There comes a time in the life of every domain when its ownership must transfer hands. The reasons for selling a domain can vary greatly; maybe the company is no longer being in business, or the domain was bought in bulk and never used. If you're looking to offload your extra domains to make some spare cash, or if you're sitting on a premium domain name worth a goldmine, see Step 1 below to learn how to sell it.
Check DA/PA: The “Domain Authority” and “Page Authority” metrics gained significant popularity over the last few years. They seem to correlate well with a domain’s ability to rank in the search engines and hence, a domain having a high DA/PA will typically have a higher value. This is not to say domains with low DA/PA can’t sell for a lot of money because, at the end of the day, it’s just one factor. However, it’s good to take a look at these as they may tip the scale in favor of or against some buying decisions.

Then the number is an HRL so it’ll be quite a bit different then you’ll see an expired domains because domain pop service is not very good compared to HREFs. Usually this shows about 20 percent of the total lengths. This shows more like 80. Okay? As you can see it has actually 162 referring domains which is quite a lot better than we saw in expired domains.
Yes, we port in all of the domains from NameJet, SnapNames, etc. There are a lot of great deals to be found. Some are absolute trash of course but if you can sift through them and put some time in (hopefully that is what we are trying to do with our tools is save time and give some value add with the SEO metrics, alerts, etc.) then you can find some great bargains.

Domain name sellers are advised to use Sedo.com to list their domain name. The real advantage with Sedo.com is the mandatory escrow service that comes with every transaction. The site charges the seller a commission of 15% per transaction or USD 50, whichever is higher, for domain names featured on the site. Sellers who do not list with Sedo.com but would like to use their escrow service will have to pay the minimum transaction fee of USD 50, or 3% of the transaction, whichever is higher.
As .COM is the natural domain extension for the United States based websites, it does get some priority in the Google.com’s search engine results (based on Google’s US datacenters) when competing against other countries’ domain extensions like .CO.UK, .CO.ZA, .COM.AU etc. However, .COMs don’t get automatic priority over other similar extensions like .ORG, .NET etc. that are also commonly used in the United States. All these domain extensions compete with .COMs on a level playing field.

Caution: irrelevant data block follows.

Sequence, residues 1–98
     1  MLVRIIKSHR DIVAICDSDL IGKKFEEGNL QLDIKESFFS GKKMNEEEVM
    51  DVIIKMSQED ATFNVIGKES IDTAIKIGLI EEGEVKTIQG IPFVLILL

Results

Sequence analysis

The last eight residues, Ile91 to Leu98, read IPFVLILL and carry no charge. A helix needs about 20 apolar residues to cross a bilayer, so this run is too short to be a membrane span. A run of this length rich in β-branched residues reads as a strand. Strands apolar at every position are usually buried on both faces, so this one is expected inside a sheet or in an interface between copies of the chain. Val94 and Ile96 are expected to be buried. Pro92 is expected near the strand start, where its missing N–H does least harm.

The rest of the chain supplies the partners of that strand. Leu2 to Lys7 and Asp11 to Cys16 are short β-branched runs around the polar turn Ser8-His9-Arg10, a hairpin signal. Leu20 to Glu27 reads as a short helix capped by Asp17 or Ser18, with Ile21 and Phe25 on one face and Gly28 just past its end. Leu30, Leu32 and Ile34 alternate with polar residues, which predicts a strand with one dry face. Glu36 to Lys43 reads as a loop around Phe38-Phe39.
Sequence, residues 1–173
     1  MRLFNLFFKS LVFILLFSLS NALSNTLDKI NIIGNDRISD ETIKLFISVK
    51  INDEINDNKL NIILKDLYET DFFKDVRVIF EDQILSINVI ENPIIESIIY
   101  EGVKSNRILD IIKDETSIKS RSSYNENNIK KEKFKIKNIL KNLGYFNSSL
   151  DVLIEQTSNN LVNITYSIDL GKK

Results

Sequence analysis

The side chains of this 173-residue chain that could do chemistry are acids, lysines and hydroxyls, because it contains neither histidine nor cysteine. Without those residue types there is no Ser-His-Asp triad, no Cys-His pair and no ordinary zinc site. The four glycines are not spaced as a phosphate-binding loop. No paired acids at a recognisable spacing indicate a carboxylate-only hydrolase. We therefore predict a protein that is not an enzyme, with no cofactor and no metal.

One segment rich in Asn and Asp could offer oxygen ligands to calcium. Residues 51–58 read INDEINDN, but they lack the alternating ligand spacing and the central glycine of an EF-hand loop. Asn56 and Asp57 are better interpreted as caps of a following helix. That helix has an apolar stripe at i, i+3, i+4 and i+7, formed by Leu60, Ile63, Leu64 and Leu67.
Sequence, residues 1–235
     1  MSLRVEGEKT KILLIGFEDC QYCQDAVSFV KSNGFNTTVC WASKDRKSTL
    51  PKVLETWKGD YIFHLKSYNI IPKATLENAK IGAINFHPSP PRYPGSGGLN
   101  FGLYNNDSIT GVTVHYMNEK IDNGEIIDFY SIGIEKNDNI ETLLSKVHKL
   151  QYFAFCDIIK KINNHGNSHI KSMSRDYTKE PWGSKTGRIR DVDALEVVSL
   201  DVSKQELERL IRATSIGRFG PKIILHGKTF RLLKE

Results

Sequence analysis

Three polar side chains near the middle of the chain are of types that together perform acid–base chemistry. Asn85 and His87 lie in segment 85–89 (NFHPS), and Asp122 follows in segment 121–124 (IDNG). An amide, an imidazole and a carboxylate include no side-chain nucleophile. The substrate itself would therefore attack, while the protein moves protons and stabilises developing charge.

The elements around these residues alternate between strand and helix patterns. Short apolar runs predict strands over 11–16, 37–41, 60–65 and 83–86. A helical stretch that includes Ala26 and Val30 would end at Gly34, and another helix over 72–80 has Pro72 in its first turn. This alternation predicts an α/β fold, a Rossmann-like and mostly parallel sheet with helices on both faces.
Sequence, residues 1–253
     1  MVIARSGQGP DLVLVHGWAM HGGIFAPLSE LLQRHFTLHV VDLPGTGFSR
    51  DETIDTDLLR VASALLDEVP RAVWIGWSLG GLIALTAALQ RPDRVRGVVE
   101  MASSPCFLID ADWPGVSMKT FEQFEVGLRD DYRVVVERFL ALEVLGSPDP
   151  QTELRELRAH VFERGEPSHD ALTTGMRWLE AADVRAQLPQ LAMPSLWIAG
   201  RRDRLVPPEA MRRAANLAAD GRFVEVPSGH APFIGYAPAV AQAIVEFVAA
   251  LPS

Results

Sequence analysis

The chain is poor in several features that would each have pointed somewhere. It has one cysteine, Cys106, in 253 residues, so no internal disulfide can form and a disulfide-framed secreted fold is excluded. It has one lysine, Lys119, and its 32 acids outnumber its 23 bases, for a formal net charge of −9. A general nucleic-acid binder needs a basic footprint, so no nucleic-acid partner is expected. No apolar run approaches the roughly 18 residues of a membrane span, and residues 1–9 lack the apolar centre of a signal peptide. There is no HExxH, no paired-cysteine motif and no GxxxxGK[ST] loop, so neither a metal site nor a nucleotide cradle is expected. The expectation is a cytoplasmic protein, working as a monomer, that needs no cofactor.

Before you park any domain names, you must focus on finding hot keywords that buyers would be interested in. The best way to make sure you get a good return on your investment is to pick a domain name with acceptable traffic, somewhere around 10,000 searches a month. You can do this conveniently by using tools like Google Keyword Planner or Niche Finder Software.
I have an interesting twist on how I have done it in the past. I will buy a domain and use it as a development domain for blog posts and things of that nature. Then over time it will gain DA and PR. Then I will sell it off and buy another development domain and start the process over. Not quite the process you mentioned, but it works. People will link to the development site to show things off as well  sometimes, so that helps.
There's a lot of guesswork that goes into domain name investing. It's not enough to purchase domain names that are currently popular. Just like a stock, coming too late to the game won't be profitable. You have to think of the future, instead. What domain names might be profitable in the future? Is there a new product or service that may become a huge hit? Where is the future headed?
What about option #4 - Redirect your existing domain to the old domain? I bought an old domain that is 100% relevant to my current domain but currently has with very little content. It did have more content fours years ago. The old domain is 13 years old, pr=3, while my current is 7 months old pr=1 and a decent amount of content. The old domain I purchased was not expired though and I do not know if this makes a difference. What are the pros and cons of option #4? Am I correct to think that option #1 would result in no benefit from the old domain's age value and if so why is it not listed as a con, a MAJOR one. Its hard to believe that a 301 using option 1 would give my existing domain 13 years credit but I'll take it if it does.